Thursday, April 8, 2010

Organized Labor Relations

Ian Moss lays out a simple analogy:

It's always worthwhile to sit and really understand power relationships (like I tried to in seven parts: I II III IV V VI VII). The question I'm left with at the end is, how can Grantees/Emerging Leaders exercise their power on Bosses/Funders responsibly? After all, what he's basically doing is laying out a Management/Labor relationship. Management has clear tools for dealing with labor, relating to pay and firing powers; but Labor these days also has clear tools for dealing with management, largely through collective bargaining (and also as a voting block, because labor tends to outnumber management when it comes to elections).

So, has anyone come up with models of collectively bargaining with funders? Philanthropy is not my field, so I don't know. Have emerging leaders found ways to get better treatment/to become more valued by their bosses?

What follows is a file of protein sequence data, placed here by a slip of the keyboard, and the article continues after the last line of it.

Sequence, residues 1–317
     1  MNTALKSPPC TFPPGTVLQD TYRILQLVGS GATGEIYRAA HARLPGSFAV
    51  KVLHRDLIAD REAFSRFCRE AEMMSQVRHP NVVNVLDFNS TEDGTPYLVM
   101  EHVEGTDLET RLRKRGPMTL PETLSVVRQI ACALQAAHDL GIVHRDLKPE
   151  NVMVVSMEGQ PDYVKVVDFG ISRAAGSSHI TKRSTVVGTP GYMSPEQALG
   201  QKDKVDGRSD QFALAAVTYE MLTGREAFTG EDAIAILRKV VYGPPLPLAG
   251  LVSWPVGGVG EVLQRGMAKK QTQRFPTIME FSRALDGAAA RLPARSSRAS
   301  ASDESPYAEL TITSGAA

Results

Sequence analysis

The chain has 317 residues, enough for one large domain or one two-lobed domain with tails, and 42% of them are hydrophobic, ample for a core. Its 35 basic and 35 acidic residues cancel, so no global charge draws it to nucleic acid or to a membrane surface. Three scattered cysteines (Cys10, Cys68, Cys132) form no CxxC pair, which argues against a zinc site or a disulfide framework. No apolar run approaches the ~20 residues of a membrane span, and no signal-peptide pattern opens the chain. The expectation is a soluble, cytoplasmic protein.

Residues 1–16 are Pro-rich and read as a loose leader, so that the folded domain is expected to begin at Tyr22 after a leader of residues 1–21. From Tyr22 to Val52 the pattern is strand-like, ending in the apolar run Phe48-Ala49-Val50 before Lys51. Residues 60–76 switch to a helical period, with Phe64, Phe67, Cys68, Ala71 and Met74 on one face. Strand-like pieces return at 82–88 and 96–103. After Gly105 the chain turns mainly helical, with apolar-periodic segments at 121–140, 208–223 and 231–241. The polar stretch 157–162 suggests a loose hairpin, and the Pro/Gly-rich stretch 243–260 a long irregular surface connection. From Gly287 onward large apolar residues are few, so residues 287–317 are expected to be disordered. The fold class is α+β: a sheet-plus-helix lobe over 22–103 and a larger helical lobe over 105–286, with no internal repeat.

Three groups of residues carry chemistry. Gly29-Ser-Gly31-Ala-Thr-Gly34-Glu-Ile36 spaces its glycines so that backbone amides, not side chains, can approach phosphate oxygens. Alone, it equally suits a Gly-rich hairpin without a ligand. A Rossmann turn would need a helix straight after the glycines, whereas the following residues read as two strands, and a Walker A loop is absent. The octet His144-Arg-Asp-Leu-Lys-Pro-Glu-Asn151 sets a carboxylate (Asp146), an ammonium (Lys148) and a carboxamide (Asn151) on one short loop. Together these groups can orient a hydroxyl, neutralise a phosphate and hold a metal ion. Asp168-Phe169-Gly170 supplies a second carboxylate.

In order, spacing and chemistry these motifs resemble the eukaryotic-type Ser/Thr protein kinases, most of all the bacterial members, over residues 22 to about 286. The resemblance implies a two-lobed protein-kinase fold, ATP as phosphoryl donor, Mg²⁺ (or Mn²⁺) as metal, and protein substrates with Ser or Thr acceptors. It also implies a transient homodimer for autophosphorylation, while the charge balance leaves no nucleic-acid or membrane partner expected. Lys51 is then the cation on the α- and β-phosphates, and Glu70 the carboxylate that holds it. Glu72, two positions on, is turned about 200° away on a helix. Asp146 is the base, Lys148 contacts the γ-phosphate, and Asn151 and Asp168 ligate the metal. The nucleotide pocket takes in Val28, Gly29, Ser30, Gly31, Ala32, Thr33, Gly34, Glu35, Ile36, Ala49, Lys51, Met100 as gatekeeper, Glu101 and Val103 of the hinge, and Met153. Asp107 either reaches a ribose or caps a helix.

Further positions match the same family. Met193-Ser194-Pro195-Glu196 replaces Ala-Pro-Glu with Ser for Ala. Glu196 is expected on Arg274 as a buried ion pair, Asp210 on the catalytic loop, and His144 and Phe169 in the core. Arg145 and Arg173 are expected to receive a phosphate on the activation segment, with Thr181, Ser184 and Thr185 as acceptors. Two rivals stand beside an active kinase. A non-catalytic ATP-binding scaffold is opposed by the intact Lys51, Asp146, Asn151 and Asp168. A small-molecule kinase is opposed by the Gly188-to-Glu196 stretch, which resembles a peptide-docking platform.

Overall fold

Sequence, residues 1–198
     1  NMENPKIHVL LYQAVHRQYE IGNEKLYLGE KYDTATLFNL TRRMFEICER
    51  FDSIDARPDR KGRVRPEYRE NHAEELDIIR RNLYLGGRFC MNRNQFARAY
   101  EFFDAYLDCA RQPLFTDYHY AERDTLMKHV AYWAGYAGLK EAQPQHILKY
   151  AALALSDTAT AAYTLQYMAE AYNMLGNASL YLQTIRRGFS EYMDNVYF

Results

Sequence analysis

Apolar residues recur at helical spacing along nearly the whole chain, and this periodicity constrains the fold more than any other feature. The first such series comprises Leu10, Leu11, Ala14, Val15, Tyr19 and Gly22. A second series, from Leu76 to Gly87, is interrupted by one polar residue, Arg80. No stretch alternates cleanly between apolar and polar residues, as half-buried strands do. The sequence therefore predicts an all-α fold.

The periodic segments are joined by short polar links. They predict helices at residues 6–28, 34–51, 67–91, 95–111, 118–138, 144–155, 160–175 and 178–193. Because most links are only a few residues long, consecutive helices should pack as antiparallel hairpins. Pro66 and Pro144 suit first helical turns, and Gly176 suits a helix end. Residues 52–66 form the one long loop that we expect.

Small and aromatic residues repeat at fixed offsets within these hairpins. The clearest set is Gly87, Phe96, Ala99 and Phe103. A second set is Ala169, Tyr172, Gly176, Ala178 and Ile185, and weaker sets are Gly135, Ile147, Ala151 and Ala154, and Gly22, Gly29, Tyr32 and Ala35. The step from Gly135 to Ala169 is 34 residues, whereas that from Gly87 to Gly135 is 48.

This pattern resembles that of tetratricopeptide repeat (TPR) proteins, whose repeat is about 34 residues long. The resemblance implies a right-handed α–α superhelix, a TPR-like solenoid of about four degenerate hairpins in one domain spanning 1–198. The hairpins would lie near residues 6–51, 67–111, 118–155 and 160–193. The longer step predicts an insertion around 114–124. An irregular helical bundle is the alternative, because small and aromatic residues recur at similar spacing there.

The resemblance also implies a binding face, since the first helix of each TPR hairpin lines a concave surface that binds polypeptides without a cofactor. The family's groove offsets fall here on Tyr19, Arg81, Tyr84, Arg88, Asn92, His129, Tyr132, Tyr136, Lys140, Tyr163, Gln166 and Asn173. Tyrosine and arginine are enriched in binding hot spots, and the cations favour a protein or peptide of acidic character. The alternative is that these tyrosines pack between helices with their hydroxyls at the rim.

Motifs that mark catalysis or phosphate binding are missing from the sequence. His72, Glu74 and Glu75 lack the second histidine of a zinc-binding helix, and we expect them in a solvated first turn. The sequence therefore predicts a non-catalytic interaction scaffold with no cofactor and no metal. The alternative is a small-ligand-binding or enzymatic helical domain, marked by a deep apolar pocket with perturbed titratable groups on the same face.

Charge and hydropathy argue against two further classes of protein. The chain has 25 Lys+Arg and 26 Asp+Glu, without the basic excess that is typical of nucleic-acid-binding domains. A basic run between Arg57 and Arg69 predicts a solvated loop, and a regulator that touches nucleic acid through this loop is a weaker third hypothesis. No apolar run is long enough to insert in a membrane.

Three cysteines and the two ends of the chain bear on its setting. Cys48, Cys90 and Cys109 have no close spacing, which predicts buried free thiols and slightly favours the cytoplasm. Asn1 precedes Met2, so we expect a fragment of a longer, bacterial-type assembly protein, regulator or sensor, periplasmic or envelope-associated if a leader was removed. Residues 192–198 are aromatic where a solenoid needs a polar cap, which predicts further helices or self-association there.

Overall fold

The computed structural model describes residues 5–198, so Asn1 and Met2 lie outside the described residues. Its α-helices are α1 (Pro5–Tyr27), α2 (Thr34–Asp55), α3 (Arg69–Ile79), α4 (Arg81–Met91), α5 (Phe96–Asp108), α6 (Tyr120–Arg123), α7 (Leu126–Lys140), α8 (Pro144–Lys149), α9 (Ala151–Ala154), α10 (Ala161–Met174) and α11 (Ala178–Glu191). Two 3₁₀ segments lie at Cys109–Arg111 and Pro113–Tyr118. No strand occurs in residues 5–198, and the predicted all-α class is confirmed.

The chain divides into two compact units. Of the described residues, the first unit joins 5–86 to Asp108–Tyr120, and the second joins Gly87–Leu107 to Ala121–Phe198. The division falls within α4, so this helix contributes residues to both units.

1 comment:

Ian David Moss said...

Interesting question. I think the answer kind of depends on the funder (which also is a weakness in my original post, since what I said about them really applies best to private foundations). For public agencies like the NEA or a state arts council, grantees have some indirect ability to exert power through the normal political process (influencing their constituencies to hold views that would lead them to vote a certain way). In practice, however, the more effective way of gaining influence is the old-fashioned kind: cultivating personal relationships with those in power. This works for private foundations, too, especially when board members are involved (since the Board is really the only body that the foundation has to answer to, and the Board doesn't has to answer to anybody unless the foundation gets sued.) Unfortunately, I'm not sure if that counts as a "responsible" exercise of power, nor if it's really power. Unlike in a management situation, where an employee can really make things difficult for a boss by leaving with tasks in the air or poisoning the company's ability to attract new hires by going public, a grantee's ability to inflict pain on a foundation is pretty limited. Pretty much the best they can do is abscond with the money they've been given and disappear to Mexico or something, and that's not exactly the kind of strategy that can work more than once.